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Wednesday, 5 October 2016

Fungus makes Mosquitoes vulnerable to Malaria

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Mosquitoes that are infected by fungus are more vulnerable towards malaria parasite. A recent research from Johns Hopkins Bloomberg School of Public Health reported it recently. Mosquitoes like humans are continuously get exposed to different kinds of microorganisms, and among these fungi with bacteria can affect the health of mosquitoes.

Previously, researchers have identified that bacteria prevent the parasite to be taken up by the mosquitoes, but the recent research has turned the table. This is the first time they have found that mosquitoes instead become much vulnerable to be infected with malaria parasite. The findings were published in September 28th 2016 in Scientific reports.

"This very common, naturally occurring fungus may have a significant impact on malaria transmission: It doesn't kill the mosquitoes, it doesn't make them sick, it just makes them more likely to become infected and thereby to spread the disease," says the study's leader George Dimopoulos, PhD, MBA, a professor in the Department of Molecular Microbiology and Immunology at the Bloomberg School and a deputy director of its Johns Hopkins Malaria Research Institute. "While this fungus is unlikely to be helpful as part of a malaria control strategy, our finding significantly advances our knowledge of the different factors that influence the transmission of malaria." (from press release)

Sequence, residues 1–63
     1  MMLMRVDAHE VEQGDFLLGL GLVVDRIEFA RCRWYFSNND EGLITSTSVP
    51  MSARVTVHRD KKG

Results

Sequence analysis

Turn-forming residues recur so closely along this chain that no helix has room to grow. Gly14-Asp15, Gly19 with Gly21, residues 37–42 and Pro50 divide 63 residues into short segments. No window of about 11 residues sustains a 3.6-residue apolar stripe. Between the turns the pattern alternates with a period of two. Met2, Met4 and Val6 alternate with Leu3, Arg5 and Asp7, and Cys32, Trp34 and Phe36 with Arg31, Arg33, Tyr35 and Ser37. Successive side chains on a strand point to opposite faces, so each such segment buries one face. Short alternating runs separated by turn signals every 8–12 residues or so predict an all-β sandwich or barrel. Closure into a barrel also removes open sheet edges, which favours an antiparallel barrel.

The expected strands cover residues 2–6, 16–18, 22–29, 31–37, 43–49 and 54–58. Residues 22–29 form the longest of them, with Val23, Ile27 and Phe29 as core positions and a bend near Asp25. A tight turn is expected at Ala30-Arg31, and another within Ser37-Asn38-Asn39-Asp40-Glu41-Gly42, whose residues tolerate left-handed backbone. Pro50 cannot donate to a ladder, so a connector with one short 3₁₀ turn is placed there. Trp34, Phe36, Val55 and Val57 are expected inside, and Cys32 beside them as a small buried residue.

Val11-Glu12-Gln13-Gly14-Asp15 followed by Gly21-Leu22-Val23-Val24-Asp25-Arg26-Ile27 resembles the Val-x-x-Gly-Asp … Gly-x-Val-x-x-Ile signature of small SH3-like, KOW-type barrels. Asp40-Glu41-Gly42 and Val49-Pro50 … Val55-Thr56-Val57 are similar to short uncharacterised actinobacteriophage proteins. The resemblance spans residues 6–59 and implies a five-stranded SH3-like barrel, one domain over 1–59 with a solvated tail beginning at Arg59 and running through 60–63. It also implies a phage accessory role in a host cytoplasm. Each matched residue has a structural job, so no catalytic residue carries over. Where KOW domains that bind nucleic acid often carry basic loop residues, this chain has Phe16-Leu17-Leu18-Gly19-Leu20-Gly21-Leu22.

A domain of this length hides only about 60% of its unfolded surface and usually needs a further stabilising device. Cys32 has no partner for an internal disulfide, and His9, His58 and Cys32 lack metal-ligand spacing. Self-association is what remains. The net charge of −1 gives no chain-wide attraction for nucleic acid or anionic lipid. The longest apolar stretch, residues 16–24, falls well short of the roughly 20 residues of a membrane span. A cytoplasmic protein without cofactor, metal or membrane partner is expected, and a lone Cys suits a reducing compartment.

Dimopoulos and his colleagues isolated Penicillium chrysogenum fungus which is the same fungus which produces penicillin, from the gut of Anopheles mosquitoes (field caught). They identified that its presence made mosquitoes susceptible to take up the parasite as vector. Fungus here plays a role to compromise the immune system and allowing the parasite much easy access to infect.

"We have questions we hope this finding will help us to answer including why do we have increased transmission of malaria in some areas and not others when the presence of mosquitoes is the same," Dimopoulos says. "This gives us another piece of the complicated malaria puzzle."


Source: News Medical
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